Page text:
UCSB housing department sees 93% drop in campus housing
National Beat Reporter
Since the start of the stay-at-home order that rocked Isla Vista and the state of California, to a greater extent, thousands of students have left UC Santa Barbara (UCSB) in droves. As a result, the dorms are virtually empty and life on campus seems distorted to many.
The Bottom Line conducted an interview with Jill Hurd, director of Residential & Community Living at UCSB, who explained that “93 percent” of students living in dorms have canceled their contracts. She also explained the wide scope of this issue across housing: 59% of students have left apartments, 19% of graduate students have left San Clemente, and eight families have moved out of the UCSB family housing complex.
“The grand total includes graduate students and undergraduates, so across all university accommodation we had 7,278 cancellations and we have 2,356 remaining,” Hurd said. “For the residences, we have, as of Friday… 348 students staying and 5,351 [cancelling]. ”
The school had to struggle to accommodate students in university accommodation and decide what would be the best course of action. The first email from UCSB University and Housing Services was sent on March 13, a day after the university announced the quarter’s transition to online distance education. Expressing that they “worked diligently on the logistical details”, the students were offered three accommodation options: continue to live in their dormitory or apartment, stay away until the end of April only, or cancel their contract.
This sudden announcement surprised students living in housing on campus. A resident of Santa Ynez wanted to analyze the situation over time to see if there was still a possibility of living there, but ultimately decided that leaving would be the best solution. “Although there is a silver lining in my cancellation, it all explodes,” Nathan Molayem said. “It sucks, but it could be worse.”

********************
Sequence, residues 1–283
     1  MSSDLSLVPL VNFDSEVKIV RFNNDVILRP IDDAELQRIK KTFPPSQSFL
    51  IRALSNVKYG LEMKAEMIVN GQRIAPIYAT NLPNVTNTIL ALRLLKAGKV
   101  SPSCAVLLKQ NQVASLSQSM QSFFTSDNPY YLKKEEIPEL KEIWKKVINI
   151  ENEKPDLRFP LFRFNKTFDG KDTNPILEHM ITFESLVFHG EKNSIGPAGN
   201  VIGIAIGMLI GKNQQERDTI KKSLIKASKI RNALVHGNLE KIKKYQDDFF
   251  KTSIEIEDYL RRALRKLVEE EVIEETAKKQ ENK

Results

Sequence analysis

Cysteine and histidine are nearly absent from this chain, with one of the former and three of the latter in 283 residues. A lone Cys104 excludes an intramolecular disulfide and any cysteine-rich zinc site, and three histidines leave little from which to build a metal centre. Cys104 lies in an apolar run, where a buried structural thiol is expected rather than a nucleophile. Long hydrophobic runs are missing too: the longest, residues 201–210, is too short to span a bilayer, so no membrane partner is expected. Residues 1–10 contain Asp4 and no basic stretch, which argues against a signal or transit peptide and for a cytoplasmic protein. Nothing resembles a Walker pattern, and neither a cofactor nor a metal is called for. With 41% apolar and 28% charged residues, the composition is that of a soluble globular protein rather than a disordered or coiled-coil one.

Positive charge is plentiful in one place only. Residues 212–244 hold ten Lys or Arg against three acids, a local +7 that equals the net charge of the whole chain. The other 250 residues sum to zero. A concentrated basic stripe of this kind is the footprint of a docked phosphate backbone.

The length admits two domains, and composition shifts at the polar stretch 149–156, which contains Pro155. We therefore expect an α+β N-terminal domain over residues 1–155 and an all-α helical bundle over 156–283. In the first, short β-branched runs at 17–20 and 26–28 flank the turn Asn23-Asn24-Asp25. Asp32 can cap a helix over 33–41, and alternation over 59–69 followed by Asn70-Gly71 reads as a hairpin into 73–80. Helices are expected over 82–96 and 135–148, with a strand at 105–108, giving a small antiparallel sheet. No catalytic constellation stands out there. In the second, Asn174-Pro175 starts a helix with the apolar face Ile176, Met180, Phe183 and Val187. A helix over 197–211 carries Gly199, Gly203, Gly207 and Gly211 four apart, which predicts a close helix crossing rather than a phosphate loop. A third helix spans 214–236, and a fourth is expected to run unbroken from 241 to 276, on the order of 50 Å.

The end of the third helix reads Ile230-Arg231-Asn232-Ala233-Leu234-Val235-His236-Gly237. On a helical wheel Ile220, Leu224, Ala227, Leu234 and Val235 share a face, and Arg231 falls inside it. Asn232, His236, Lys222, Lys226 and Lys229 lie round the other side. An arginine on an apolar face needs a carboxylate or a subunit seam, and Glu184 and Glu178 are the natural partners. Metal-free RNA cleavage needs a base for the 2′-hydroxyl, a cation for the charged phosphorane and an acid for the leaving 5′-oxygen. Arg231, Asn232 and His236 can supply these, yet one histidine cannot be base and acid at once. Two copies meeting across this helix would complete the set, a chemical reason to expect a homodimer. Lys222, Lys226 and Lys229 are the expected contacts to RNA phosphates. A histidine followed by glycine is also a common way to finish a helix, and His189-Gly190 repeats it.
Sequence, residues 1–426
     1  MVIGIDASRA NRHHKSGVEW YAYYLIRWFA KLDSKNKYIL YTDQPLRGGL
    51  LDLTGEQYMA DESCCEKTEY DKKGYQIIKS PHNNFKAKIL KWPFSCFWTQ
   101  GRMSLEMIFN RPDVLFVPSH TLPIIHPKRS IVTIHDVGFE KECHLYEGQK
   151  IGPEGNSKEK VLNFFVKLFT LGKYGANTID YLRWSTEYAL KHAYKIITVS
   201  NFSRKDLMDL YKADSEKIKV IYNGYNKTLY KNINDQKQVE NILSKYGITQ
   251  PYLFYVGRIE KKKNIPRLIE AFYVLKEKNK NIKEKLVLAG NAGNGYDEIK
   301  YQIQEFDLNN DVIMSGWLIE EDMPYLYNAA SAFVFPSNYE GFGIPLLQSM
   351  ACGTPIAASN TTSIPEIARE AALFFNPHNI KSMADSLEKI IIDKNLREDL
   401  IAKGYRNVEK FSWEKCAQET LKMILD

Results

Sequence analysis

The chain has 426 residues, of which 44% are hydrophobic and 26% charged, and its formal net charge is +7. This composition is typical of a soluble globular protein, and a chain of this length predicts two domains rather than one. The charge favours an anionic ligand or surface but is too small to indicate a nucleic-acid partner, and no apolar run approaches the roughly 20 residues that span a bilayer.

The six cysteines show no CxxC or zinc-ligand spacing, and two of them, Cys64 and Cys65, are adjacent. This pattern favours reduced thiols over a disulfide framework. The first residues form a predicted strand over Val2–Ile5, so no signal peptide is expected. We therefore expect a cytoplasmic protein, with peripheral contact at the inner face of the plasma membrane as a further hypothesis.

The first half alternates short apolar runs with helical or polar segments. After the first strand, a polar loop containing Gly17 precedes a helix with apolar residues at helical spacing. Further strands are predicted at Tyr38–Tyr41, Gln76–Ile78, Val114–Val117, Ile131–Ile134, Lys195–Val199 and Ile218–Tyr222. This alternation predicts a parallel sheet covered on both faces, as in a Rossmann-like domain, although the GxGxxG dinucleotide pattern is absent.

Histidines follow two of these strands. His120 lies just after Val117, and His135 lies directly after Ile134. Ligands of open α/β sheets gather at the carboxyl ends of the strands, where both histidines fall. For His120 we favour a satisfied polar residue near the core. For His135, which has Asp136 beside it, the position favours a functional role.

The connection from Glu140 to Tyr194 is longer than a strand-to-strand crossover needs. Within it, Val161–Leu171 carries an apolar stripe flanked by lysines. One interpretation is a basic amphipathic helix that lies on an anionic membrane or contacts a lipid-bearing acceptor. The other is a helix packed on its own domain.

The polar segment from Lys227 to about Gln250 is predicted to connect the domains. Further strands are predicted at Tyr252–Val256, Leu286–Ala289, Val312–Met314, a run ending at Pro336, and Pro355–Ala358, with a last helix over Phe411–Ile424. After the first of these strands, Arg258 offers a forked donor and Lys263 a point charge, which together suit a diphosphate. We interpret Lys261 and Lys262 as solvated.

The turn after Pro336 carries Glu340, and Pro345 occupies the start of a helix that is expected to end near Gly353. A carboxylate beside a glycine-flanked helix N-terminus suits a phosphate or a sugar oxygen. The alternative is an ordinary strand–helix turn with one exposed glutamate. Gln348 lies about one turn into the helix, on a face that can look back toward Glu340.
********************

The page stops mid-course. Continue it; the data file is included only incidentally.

The next email arrived just three days after the first email and ruled out the option to stay away for April only. This email also informed the students that they could be moved to another dormitory or apartment if they decide to stay and that services are changed.
On April 1, students were told that people living in the 100 and 300 in Sierra Madre and Santa Ynez “should move, so that we can return empty buildings to support the government’s response to COVID-19.” Students who decided to move would be transferred to either the Santa Catalina Residence or the San Joaquin Apartments, depending on the accommodation they had previously.
Fourth-year history major Nova Nicole said roommate moves were the reason she decided to cancel her contract. “I canceled my contract because I just got an email from the accommodation saying we have to move by Friday or be moved to a new apartment with a new roommate and no roommate,” she said . “I’m already back home, so I figured if I had to go back there to move my things, I’d rather just take them home with me. “
Many students have struggled to decide whether to continue their university accommodation contracts or cancel them and return home. Allana Karstetter, a third year psychology and brain science student, was living in a college apartment before deciding to cancel her contract.
“I was reluctant to come back because I wasn’t sure I could complete my homework effectively at home,” she said. “I rely a lot on school resources like lesson reserves and library computers to complete lessons. “
Demetria Jones, a first-year math major, found the relocation process stressful. “The [Residential Housing Association] was very poorly prepared. So, between being stressed by the finals, packing, everyone is panicking and not knowing if I was going to get the money back from my accommodation, [it] was very overwhelming, ”she said.
Although Hurd didn’t know the exact amount the school would lose, his priority was to reimburse the students. “The housing department is taking a loss, but you know it’s the right thing to do.”
The decision to cancel housing contracts comes with a huge emotional burden for many students. Administrators and students want to ensure the safety and health of the community, which is why these decisions were not taken lightly. Students also need to accept that the term they once expected will be drastically different.
“I am sad that my last trimester at [UC Santa Barbara] must be done through video chats and recordings of experiences, ”Molayem said. “But I also understand the complexity of the situation and that moving would be the safest option.”
Noe Padilla contributed reporting.